Keywords: the birds analysis, the birds suspense
‘The Birds’ was one of the most successful suspense films of its time and possibly all time. It is a superbly directed film by ‘the master of suspense’ Alfred Hitchcock in 1963. ‘The Birds’ was based on a novella by Daphne Du Maurier of the same name. I think this is an astounding, unbelievably, remarkable film because it does everything a suspense film should have, and more. In this article I am going to explore the suspense used in the film directed by Alfred Hitchcock. I will examine how through lighting, colour and camera angles this was one of Hitchcock’s most renowned motion picture.
Hitchcock was very impressive in his dramatic techniques because the tension is built in various scenes which also makes this film accomplish the horror genre in addition to suspense. Initially the audience believe the film is a comedy because it is incredibly ordinary in addition to the use of bright lights and warm colours. Hitchcock makes us as the viewer get an understanding of the characters back story before unleashing the terror in the rest of the film. The movie was very modern for its era, as a result of the use of new technology to the 60’s hence the scenes are realistic which adds to its unrevealing storyline. The use of Technicolor added to the horror during the film because it was very new. Through pathetic fallacy the atmosphere is set in most scenes, for example when Melanie Daniels and Mitch Brenner are in the bird shop it is very bright and colourful which is reflected in the characters behavior in the scene. Also towards the end the lighting and colour create a dark and eerie atmosphere.
The killers in ‘The Birds’ and ‘Psycho’ were believable however the characters remained odd and innocent characters. The introduction of the film with the character is familiar shows her sense of security however when she moves to a rural area we see a vulnerable character with unfamiliar surroundings. Hitchcock may have chosen a small town because it is seen to be more dangerous but in this setting it is more dangerous as it is isolated.
The film features a mass use of the colour green for example in the scenery whilst Melanie is driving the boat the landscape is green and blue to Hitchcock’s liking and also Melanie wears the same green coat throughout the film. This makes the colour green significant to Hitchcock’s films. Green is not usually associated with terror and fear but Hitchcock used this to make the audience feel uncertainty in the film. When Melanie is taking the birdcage to Mitch she is viewed from the waist down showing her in a green dress. This is a reference to birds being women because Melanie is blonde haired and is wearing green, the love birds are yellow headed with green bodies. This suggestion is also made in the beginning when Melanie is walking down a busy street and hears a wolf whistle towards her. This sound is similar to a birds sound. Hitchcock also used the colour green in ‘Vertigo’ the Female lead wears green. Hitchcock also uses sharp objects in many ways for example the beaks in ‘The Birds’ and the weapon in ‘Psycho’.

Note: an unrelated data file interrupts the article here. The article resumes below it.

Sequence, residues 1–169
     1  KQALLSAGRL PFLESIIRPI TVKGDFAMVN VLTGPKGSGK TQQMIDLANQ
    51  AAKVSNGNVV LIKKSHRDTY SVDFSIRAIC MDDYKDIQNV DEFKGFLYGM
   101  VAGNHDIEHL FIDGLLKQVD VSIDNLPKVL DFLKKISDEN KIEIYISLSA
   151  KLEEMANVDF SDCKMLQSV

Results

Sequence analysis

Most of the film is set during the day which makes the viewer unsuspecting of the birds. Hitchcock does this to show the calm and peaceful atmosphere which is maintained throughout the film until the ending. Vibrant colours take over the screen predominantly, during the relaxed scenes whereas before and for the duration of the bird attacks dim, shady colours are used. For instance in the Tides Restaurant when the birds attack the atmosphere is dark which is reflected on the clothes worn, the weather and the colour of the birds (see image 1). The colour plays a key part in why ‘The Birds’ is a successful suspense film. Through its use of high key lighting contrasted with low key lighting which creates a mysterious impression to the audience.
An example of lighting is offered proficiently in the dead famer scene. In this scene we see the lighting symbolising the mood in the scene. It begins with Lydia walking down with very bright sunlight, as she walks towards the door the lighting begins to dim down. Entering the house we see a window with natural light but no false light in the house. This absence of light begins to suggest something bad has happened. The director has used this superbly in many of his films to create unease with the observer. Hitchcock was superior when it came to using mise-en-scene to alter the appearance of things. The room where the famer is found is bright but as the camera begins to reveal his body the lighting is darker. The shadows cover the body only exposing his face with his pitch-black eye sockets. As Lydia runs out the weather has changed to a dark stormy sky. The audience feels that this symbolises the man has died and the birds will attack again. Hitchcock creates a parallel to the book because the main character finds his neighbours killed because of the birds. The director does this because he is trying to use visual techniques such as camera angles and lighting to create a horror film atmosphere which also creates a more effective suspense film. This scene is effective because of the drama portrayed by Lydia it is also good because we begin to see different aspects to Lydia’s character.